Two - one to screw it in, and the other to say - Isn't that a little high for you, dear?
It had to happen... with so many members of Aperitivo also being members of the local choir, eventually there was bound to be a clash, and then -
Rehearsals begin soon for the next, eagerly awaited, Aperitivo Murder Mystery!
But don't worry about the murder - it is a well known fact that old musicians never die, they just de-compose.
The Family Frankenstein...
The creation of the concept of Dr. Frankenstein’s monster was almost as outrageous as the creation of the monster itself.
That an eighteen year old English girl, of 'good' family, was wandering around Europe in the company of her lover was shocking enough in the early 1800s. Her parents, although forward-thinking intellectuals, cannot have been at all happy about it. Then the girl - Mary Godwin - and her lover went to stay in Switzerland with that most scandalous of men - George, Lord Byron, whose love affair with the equally scandalous Lady Caroline Lamb was the delighted gossip of London (it was bad enough when Lady Caroline, a married woman, dressed up in man’s clothes to pursue Byron in the guise of his page; when she took all her clothes off for a surprise appearance among the dishes on the dining table she certainly got everyone’s attention - except that of Byron who had been doing his best to avoid her for some time.)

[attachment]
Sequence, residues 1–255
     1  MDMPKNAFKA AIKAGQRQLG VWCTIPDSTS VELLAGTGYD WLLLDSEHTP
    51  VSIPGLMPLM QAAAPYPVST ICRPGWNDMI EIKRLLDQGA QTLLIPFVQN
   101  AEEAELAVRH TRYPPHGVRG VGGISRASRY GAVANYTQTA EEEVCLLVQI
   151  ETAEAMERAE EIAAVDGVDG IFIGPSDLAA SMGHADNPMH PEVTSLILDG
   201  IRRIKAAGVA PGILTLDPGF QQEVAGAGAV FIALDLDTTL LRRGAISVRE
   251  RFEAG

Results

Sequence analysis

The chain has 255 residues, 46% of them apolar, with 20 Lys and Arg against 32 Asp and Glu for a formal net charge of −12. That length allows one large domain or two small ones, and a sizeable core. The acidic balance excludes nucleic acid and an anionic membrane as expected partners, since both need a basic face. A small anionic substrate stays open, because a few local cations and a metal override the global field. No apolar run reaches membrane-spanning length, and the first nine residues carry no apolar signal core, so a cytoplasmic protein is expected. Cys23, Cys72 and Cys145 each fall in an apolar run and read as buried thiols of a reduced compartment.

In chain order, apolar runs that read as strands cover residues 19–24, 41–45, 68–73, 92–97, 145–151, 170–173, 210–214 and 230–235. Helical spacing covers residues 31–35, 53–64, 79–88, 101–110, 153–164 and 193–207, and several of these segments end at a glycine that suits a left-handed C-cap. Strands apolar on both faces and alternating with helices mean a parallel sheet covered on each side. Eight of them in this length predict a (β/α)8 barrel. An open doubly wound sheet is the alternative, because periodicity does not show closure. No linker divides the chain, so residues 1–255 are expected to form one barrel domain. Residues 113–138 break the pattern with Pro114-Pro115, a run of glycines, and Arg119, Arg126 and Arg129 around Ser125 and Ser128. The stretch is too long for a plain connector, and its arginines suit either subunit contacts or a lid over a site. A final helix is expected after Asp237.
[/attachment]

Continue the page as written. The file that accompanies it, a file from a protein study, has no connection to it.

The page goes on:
Byron, Mary Godwin and her lover, Percy Shelley (they later married), and John Polidori, Byron’s personal doctor, decided to pass the time in their Swiss villa by writing horror stories. The two poets did well - the two amateurs did better: Polidori eventually produced the first vampire story, and Mary Godwin wrote the story of Frankenstein, the scientific genius who builds a monster and electrifies him into life.
Since then, Dr. Frankenstein’s monster has spawned an entire genre. The story was copied, plagiarised, turned into a theatre play (none of the profits went to Mary) and appears to be as popular today as it ever was, 200 years ago.
With the 200th anniversary of the story, in 2014, the Monster gained a new lease of life and one result was that two of the theatre groups in the Algarve both decided - quite independently - that Frankenstein’s monster was just what was needed to liven up the winter months. The Algarvians are putting on Frankenstein - the Panto, in March 2016, and the same month sees the birth of Dr. and Mrs. Frankenstein’s little boy in Aperitivo’s Transylvania Dreaming.
We in Aperitivo are not restricting ourselves to the troubles of the Family Frankenstein, however. Working on the principle that you can never have too many monsters, we have cast our net wide and dragged in vampires, werewolves, King Kong, Gollum and a very odd band of foxhunters. Aperitivo’s annual winter extravaganza has the reputation of being a little crazed, and Transylvania Dreaming certainly continues the trend.
Tickets - 8euros for theatre alone, or 12euros including chilli and a Bloody Mary - are available for the following performances:
Museum, São Brás: Friday February 26th, Saturday 27th February 2016
Clube de Tavira: Saturday 5th March, Sunday 6th March
Casa do Povo, Moncarapacho: Saturday 12th March
Finally Jane got to pretend she was Jane Austen at our Regency-style Summer Ball. It was a beautiful evening and a lovely atmosphere - click on the Summer Ball page to see some of our nice photos.
Should Alberich the sulphur dwarf fall for one of the magical Rhinedaughters -
or will they just slip through his fingers?
Alberich meets the Rhinedaughters in the opening scene of Bi-Cycle, our hilarious spoof on Wagner's Ring Cycle, performances 13, 14, 19, 20, 21 February.